By Alan White, Business Development Director at The Translation People
Whether dealing with business owners with enterprises overseas, receiving evidence from non-English speakers or simply trying to manage large volumes of legal documents as efficiently as possible, reliance on translation services across the legal industry is rising.
However, given that even the most inconspicuous of inaccuracies in court documents can lead to delays in hearings or the undermining of evidence once discovered, there’s a real and definite need to utilise translation services which offer the highest levels of precision possible.
Machine translation is growing in popularity in legal sectors around the world, but how useful is this technology for the industry in practice?
At its core, machine translation offers significant time and cost saving efficiencies for those managing large volumes of multilingual documents, which can be incredibly useful for those dealing with international cases. For legal firms that have an international footprint of their own, using machine translation to convert masses of legal documents into various languages quickly and easily enables them to focus on the key priority – achieving justice for their clients.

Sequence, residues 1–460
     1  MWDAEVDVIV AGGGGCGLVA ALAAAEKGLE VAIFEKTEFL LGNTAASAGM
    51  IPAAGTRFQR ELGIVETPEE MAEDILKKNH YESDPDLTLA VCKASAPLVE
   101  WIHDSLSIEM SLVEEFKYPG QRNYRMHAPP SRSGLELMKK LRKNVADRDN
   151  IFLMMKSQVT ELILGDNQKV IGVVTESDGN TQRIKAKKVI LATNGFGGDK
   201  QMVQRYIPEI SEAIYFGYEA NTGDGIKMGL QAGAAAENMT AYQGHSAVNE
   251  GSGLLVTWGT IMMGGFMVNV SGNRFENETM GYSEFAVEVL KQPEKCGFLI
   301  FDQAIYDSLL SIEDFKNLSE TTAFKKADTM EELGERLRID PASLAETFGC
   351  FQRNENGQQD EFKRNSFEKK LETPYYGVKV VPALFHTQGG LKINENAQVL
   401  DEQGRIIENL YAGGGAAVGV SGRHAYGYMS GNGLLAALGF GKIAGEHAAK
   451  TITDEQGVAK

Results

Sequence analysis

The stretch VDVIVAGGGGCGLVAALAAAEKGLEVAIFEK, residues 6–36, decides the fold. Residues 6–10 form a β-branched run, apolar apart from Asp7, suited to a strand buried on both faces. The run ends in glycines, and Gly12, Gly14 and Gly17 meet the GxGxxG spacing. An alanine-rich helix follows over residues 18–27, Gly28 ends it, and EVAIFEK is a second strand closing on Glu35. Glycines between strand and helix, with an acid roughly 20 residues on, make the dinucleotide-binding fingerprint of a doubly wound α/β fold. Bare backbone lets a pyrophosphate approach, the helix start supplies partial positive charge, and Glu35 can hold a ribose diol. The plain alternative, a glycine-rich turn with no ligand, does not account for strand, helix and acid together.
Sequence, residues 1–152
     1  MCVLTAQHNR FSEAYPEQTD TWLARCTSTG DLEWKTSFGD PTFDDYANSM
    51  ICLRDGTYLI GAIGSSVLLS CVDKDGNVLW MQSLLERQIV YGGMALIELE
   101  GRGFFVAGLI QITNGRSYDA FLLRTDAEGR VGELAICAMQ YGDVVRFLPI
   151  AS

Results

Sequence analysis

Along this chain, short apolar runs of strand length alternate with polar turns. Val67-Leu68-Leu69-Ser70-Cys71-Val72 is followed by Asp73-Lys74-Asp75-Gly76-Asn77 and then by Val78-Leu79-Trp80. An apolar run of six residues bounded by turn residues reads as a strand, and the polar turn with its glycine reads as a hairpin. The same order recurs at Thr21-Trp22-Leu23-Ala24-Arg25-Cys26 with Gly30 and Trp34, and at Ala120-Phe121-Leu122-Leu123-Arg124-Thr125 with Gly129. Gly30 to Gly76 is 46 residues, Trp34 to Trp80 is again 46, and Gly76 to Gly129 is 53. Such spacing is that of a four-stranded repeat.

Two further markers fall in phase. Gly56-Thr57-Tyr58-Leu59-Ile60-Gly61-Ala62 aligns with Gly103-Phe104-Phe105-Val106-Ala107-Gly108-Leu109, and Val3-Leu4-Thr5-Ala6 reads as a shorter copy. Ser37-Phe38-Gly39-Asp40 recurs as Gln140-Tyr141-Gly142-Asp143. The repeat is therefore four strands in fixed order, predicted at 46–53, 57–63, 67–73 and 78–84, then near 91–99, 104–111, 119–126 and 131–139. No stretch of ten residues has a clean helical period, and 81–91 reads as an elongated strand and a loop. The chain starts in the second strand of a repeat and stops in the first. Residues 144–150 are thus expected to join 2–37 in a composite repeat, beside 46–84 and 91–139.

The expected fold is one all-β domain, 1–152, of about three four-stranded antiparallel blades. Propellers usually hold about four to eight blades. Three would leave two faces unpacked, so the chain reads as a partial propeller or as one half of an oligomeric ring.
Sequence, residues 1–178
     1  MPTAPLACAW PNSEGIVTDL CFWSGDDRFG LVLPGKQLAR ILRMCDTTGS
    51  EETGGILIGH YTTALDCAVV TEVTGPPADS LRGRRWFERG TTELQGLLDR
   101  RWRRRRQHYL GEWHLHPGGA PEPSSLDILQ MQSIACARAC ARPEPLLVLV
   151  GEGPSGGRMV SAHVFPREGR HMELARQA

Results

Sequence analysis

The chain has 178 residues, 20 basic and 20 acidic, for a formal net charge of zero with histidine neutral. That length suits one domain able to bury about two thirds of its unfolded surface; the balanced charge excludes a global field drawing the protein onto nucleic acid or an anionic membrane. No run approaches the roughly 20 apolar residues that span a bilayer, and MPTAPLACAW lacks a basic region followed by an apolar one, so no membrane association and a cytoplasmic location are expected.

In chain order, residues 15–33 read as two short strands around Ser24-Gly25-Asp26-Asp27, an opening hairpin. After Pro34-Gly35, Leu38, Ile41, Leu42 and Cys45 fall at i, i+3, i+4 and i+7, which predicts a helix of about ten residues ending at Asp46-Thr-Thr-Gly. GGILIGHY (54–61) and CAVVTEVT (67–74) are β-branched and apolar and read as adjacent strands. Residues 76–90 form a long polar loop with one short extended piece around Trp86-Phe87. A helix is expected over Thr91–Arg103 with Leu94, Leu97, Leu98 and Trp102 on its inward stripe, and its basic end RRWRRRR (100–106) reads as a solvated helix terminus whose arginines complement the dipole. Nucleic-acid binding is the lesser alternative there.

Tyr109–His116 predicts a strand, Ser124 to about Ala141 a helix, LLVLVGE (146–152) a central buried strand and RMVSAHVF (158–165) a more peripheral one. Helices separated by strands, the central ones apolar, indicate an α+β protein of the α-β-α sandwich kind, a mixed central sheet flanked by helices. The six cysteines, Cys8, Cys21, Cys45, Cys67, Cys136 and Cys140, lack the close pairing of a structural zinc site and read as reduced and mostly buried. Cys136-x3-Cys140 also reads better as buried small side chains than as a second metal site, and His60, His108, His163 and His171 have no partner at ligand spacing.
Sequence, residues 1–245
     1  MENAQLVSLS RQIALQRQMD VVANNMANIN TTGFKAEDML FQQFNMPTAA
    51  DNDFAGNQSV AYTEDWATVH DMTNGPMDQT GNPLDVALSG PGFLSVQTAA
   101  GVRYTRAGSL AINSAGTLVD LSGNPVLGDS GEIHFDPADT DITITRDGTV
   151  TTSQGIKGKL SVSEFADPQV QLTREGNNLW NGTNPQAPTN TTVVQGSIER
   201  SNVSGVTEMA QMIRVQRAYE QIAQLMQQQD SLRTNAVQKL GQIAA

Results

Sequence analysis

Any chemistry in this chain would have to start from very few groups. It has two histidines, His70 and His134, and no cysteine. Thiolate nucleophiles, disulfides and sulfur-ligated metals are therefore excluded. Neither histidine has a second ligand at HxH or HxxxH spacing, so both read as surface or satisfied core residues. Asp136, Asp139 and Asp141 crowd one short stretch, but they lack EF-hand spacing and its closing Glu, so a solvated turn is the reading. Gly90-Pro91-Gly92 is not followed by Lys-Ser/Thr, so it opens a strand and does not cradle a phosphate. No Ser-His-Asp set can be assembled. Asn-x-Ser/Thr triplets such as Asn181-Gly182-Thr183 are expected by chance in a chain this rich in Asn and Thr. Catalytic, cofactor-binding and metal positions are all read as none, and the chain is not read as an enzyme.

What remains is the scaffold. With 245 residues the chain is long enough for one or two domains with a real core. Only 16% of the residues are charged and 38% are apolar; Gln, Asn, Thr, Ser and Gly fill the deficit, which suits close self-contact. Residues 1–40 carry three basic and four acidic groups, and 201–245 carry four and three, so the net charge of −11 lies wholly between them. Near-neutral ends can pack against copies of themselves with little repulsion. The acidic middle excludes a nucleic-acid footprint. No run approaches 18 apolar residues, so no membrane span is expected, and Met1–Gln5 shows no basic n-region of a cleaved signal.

Enquiries into and uptake in machine technology are surging. Online searches for ‘machine translation’ have increased 16 per cent in the last five years, while its related search term ‘machine learning’ has increased 135 per cent. Over the last six years, UK-based translation provider The Translation People has experienced a 2,016 per cent increase in the volume of work it carried out with machine translation, while website enquiries for this service increased 1,130 per cent.
Accurate and efficient processes within the legal sector require a deep understanding of legal translation and terminology issues across different countries and thanks to state-of-the-art machine translation technology now available, it is possible for translation providers to play a key role in streamlining the ways in which barristers work both in court and out of it. However, some barristers will consider machine translation with trepidation following several recent high profile examples of basic machine translation technology not being put to best use.
For example, a thread of tweets about Google Translate’s capabilities recently went viral and saw them accused of making sexist assumptions about gender neutral language. There’s also been a study that suggests free translation tools contribute to significant misunderstandings of legal terms with conflicting meanings for some words. Meanwhile, after Amazon recently used its own automatic translation technology to launch its first ecommerce site in Sweden, it hit the headlines when the translations outputted were lewd and vulgar in nature, bringing attention to the launch for all the wrong reasons.